In electronic devices such as head-mounted display devices, it may be desirable to display images for users over a wide angle of view. Displays that cover wide angles of view at high resolutions may consume relatively large amounts of image data and may therefore impose bandwidth burdens on electronic devices such as head-mounted displays. These bandwidth burdens may be reduced by using a display scheme in which high resolution images are displayed in alignment with the user's current point of gaze and in which low resolution images are displayed in the user's peripheral vision. Display schemes such as these may sometimes be referred to as foveated display schemes.
An illustrative example of a foveated image being displayed on pixel array #30 (FIG. 1) of display #26 is shown in FIG. 2. In the example of FIG. 2, the display has a rectangular outline. The size of the display may be selected to be sufficiently large to cover most or all of a user's field of view.
Based on gaze tracking information from gaze tracking system #62, graphics processing unit #22 may determine that a user's current point of gaze is located at the point of gaze PG (e.g., in the upper right corner of the display shown in the example of FIG. 2).
Based on this location, the graphics processing unit may render image data in full resolution for full resolution area xl of FIG. 2 (an area that overlaps PG). Peripheral image data (e.g., image data for region x8 of FIG. 2) may be rendered at a reduced resolution (e.g., 1/8 of the full resolution). Intermediate areas that lie between full resolution area xl and reduced resolution area x8 may be rendered at 1,4 resolution (see, e.g., the x4 area of the display) and at 1h resolution (see, e.g., the x2 area of the display). In general, any suitable number of different resolutions may be used in rendering image data for the display in the device / AR glasses. The use of four different areas with four respective different resolutions in the example of FIG. 2 is illustrative.
As the user follows visible content on the display, the point-of-gaze location PG will shift to different regions on the display. The graphics processing unit may use this information to adjust the locations of the high resolution and lower resolution areas for which image data is being rendered with different resolutions.
To ensure that display driver circuitry #28 is informed of which resolution applies in each portion of the display for a given image, the graphics processing unit and/or control circuitry #50 may supply the display driver circuitry with information on the boundaries of regions x8, x4, x2, and xl (e.g., gaze tracking system information such as point of gaze PG or more processed information such as information on the boundary locations for regions x8, x4, x2, and xl that is derived from point of gaze PG).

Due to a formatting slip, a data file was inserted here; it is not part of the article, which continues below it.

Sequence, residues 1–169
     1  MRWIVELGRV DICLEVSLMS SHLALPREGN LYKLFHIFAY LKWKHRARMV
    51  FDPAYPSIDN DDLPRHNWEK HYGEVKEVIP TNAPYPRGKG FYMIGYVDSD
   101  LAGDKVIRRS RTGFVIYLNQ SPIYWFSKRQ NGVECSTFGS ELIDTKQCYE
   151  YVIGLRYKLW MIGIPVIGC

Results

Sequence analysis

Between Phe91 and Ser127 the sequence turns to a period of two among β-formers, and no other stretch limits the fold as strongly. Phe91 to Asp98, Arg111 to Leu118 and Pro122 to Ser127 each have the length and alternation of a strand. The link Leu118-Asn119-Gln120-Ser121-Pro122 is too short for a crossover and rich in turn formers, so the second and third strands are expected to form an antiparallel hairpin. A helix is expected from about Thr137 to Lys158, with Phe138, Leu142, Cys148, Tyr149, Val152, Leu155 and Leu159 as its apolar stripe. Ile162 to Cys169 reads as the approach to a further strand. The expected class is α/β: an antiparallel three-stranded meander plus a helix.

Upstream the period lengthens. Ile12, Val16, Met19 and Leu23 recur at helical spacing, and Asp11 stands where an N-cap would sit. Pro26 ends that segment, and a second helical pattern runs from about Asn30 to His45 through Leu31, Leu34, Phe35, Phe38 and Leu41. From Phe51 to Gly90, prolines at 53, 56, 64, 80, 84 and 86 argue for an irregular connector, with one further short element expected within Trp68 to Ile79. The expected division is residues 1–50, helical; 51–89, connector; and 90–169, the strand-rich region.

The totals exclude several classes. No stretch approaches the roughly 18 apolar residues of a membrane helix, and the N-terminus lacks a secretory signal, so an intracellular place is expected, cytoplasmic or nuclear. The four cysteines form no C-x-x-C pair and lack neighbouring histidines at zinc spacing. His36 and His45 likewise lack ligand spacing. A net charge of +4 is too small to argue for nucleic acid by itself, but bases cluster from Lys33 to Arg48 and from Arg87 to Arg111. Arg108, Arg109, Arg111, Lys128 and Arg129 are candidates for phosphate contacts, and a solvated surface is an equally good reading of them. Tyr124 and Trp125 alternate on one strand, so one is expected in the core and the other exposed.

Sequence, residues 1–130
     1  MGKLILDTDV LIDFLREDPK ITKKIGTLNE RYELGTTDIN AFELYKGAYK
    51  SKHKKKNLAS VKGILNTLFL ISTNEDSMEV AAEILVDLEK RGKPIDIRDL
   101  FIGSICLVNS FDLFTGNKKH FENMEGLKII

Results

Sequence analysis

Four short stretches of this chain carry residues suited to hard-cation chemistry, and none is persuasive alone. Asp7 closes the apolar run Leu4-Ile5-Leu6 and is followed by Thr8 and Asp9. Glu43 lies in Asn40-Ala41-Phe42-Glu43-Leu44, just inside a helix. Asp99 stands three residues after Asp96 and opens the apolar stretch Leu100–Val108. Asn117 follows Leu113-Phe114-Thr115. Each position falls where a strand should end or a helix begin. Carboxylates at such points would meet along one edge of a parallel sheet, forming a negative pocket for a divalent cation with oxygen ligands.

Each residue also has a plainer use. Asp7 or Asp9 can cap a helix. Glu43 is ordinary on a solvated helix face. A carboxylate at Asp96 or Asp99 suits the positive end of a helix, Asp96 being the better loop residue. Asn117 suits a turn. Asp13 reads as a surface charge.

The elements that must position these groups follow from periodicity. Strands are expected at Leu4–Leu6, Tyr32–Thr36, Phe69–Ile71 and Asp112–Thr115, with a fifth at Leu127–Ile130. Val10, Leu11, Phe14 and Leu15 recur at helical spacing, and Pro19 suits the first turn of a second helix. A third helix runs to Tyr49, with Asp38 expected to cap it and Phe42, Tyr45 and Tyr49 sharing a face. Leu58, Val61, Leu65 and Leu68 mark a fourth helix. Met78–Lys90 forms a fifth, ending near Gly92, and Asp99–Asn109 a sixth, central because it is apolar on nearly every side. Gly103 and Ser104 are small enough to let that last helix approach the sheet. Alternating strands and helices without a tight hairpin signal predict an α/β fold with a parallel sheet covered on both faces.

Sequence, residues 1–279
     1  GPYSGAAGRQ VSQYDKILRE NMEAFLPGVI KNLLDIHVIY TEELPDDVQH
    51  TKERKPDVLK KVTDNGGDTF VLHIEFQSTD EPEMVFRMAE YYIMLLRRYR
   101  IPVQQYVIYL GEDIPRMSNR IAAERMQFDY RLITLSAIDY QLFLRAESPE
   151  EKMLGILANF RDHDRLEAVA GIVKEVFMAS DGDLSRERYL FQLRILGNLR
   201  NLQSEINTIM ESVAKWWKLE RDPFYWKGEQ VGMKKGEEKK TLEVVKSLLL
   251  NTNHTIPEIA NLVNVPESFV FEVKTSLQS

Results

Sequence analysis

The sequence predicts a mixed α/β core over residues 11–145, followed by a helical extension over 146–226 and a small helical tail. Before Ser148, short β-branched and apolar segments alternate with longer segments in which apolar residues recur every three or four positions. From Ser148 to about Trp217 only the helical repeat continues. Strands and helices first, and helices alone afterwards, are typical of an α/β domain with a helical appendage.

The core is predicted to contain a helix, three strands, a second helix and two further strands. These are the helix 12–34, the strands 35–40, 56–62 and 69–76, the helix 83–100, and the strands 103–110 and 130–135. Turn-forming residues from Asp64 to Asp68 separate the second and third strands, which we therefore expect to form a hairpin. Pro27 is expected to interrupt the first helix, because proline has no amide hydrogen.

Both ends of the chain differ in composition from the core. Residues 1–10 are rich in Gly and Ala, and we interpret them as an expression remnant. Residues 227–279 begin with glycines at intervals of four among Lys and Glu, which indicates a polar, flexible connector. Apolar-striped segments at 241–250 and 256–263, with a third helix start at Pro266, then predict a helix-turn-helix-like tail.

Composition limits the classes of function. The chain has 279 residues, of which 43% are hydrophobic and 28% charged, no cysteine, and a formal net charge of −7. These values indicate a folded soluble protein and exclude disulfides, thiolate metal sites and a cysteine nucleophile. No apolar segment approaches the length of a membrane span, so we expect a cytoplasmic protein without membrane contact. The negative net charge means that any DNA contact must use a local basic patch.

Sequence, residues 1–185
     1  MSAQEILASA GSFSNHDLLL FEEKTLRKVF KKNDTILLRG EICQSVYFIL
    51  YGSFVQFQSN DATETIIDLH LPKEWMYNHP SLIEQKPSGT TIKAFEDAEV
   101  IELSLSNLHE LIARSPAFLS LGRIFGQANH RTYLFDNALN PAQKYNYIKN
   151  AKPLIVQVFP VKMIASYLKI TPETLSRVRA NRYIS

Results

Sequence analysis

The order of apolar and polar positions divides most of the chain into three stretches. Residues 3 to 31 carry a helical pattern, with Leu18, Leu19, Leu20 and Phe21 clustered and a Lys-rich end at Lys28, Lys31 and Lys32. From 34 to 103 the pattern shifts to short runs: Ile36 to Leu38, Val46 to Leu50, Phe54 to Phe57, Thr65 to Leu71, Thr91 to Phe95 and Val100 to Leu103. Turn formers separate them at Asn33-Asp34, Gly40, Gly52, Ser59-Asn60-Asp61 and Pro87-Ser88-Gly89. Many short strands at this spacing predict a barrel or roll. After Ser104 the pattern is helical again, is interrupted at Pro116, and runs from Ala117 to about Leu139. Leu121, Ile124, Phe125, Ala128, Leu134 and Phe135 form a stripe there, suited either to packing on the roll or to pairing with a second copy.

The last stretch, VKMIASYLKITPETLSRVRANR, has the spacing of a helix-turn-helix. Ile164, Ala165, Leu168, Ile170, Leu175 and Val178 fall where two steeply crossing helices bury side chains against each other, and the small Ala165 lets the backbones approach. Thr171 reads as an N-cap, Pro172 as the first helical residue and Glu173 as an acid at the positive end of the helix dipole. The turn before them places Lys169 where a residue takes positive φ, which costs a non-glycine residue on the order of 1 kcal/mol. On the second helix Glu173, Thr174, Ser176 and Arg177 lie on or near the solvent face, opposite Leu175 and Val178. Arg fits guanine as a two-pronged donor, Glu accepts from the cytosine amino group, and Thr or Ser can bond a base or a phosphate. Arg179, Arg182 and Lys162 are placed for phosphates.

During the operations of block #70 of FIG. 3 below, the control circuitry may use gaze tracking system to gather information on the user's point-of-gaze. The point-of-gaze (see, e.g., point of gaze PG of FIG. 2) may be located at a particular coordinate (X,Y) on the display. As the user's gaze moves (e.g., to track on-screen objects on display 26), the location of point of gaze PG can be updated dynamically.
Gaming Apps on AR Glasses
According to Apple, "A source of content (e.g., a computer program such as a game application or other application running on the control circuitry) may produce content for viewing on the display. To avoid overburdening the circuitry of the AR Glasses, the graphics processing unit may generate foveated display image data during the operations of block 72 of FIG. 3 above.
The foveated data includes high resolution (full resolution) data for a full-resolution region of the display (e.g., the xl region of FIG. 2) and image data of progressively lower resolutions for lower resolution regions (e.g., regions x2, x4, and x8 of FIG. 2).
By rendering images with different resolutions in different areas, the amount of image data that is associated with the content to be displayed on the display can be significantly reduced (e.g., in comparison to rendering the entire image on display 26 at full resolution).
This also lowers the rendering burden on the graphics processing unit and lowers the amount of data bus bandwidth consumed in transferring the rendered image data from the graphics processing unit to the display driver circuitry over one or more data busses between the graphics processing unit and the display driver circuitry.
Apple's patent application was filed in Europe on January 18, 2018 and published on Thursday August 02, 2018. Considering that this is a patent application, the timing of such a product to market is unknown at this time.